HomeNewsBryn Athyn soccer programs have family atmosphere

Bryn Athyn soccer programs have family atmosphere

Bill O’Neill is leading the school’s men and women soccer programs to successful seasons.

Bill O’Neill has both the men and women soccer programs at Bryn Athyn moving forward. PHOTO: BILL O’NEILL

It can be tough going from coaching men to coaching women.

Some coaches struggle with making the switch, but Bill O’Neill has no problem with it.

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In fact, he does it just about every day.

O’Neill is the head men’s and women’s soccer coach at Bryn Athyn College, and he coaches both teams during the fall season. It keeps the coach on his toes, but so far he’s having very little trouble.

“It really helps that the games are almost always back-to-back, and that makes it special because the two teams support each other,” O’Neill said. “It’s a great job. I love it because I’m coaching two great teams of players who really love to play soccer.”

While coaching both teams isn’t unprecedented, as there are other coaches in the Northeastern Athletic Conference who pull double duty, it’s not an easy task.

Luckily, O’Neill comes with a strong resume.

During his high school days, O’Neill was a star at George Washington High School, winning two Public League championships, and he was the player of the year during his senior season in 1987.

He then went on to play for Rowan, where he helped his team with the Division III national championship. He was also a four-year starter and two-time captain.

He also coached various club teams in the area, and later served as an assistant coach at Holy Family for three years.

“I learned a lot there, especially that I loved coaching college soccer,” O’Neill said. “When I was given the opportunity at Bryn Athyn, I took it because it was really exciting. It’s a small school, so everybody knows each other and it’s a very close-knit community.”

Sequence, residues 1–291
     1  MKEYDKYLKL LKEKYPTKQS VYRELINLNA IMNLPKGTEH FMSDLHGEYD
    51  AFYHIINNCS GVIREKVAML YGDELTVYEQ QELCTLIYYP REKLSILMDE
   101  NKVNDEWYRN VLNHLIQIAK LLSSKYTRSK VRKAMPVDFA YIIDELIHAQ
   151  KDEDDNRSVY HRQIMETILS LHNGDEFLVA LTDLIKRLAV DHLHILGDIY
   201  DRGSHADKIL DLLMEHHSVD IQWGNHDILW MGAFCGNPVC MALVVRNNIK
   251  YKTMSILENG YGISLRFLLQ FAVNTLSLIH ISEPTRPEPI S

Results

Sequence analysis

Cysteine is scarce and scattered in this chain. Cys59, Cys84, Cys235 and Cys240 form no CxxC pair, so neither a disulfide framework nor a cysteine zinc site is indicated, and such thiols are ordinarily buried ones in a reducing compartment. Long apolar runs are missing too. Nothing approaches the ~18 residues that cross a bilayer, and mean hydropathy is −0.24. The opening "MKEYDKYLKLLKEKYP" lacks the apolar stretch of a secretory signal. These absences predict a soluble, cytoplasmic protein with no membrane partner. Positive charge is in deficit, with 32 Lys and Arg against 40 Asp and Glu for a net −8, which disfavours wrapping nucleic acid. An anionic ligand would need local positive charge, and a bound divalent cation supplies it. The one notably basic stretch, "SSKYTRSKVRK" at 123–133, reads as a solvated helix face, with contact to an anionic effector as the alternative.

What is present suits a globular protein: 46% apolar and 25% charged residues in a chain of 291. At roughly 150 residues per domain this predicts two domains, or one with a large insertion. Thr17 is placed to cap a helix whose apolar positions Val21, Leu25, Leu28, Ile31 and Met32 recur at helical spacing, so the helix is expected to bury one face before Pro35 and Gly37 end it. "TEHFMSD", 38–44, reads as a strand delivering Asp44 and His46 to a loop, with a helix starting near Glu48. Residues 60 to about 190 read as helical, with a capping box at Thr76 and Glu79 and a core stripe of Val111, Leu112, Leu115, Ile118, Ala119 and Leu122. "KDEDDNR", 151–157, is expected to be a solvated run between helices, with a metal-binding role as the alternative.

That’s how the coach likes it.

It’s also how the players like it.

Rachel McCabe, a sophomore midfielder, decided to play for the school because she liked how everybody at the school seemed to be friends with each other.

It didn’t just appear that way.

“The soccer team is great, but the whole school is great,” said McCabe, a William Tennent High School graduate. “We play doubleheaders, so when we’re playing, the men’s team watches us, and when they’re playing, we watch them. It’s a great environment, not just for soccer, but the entire school.”

She’s also happy with her coach.

According to McCabe, coaching a men’s team is different than coaching a women’s team, but she believes O’Neill has found the perfect formula.

“It’s a very similar coaching style, he just needs to be slightly different because men play faster and at a more skilled level than our women’s team,” she said. “He takes that into consideration from our style of play to theirs, but that is the only difference in his coaching with our two teams. Otherwise, he’s the same guy.”

The men feel the same way.

“It’s going great, everything about playing for the school is great,” said Chris Mitchell, who graduated from Franklin Towne Charter. “It’s the perfect school for me, it’s close so people can come out and watch, and it’s a great school. I love it.”

The school is behind its Lions, and the teams are rewarding their loyalty.

The men’s team is perfect through two games this year. The women’s team has won all three of its games.

The coach has a lot to do with that success, but he is quick to point out this isn’t a one-man job.

“The big thing is having great assistants and I do,” O’Neill said. “If I didn’t have them, sometimes I’m tied up with one thing, and they’re able to do everything a coach would do. There’s no way I could do this without help.”

The players are also happy for good assistants.

“The entire staff is good,” Mitchell said. “Everyone works together. It’s why we’re such a close team. And it’s not just the men’s team. The women’s team helps us, and we try to help them. It’s like we’re one big team, we just play in different games.”

O’Neill hopes this camaraderie continues.

He also hopes to keep the wins coming.

Bryn Athyn, a private college in eastern Montgomery County, is one of the smallest schools competing in the NCAA, so building a winning program can be trying. According to the NEAC website, the school has 300 students, but the good news is thus far, a lot of them can play soccer.

“I’m happy for the opportunity because I love being around soccer and it’s fun to watch what we’re doing,” O’Neill said. “The players are working hard, we’re having fun and we’re representing the school. I’m having a great time.” ••

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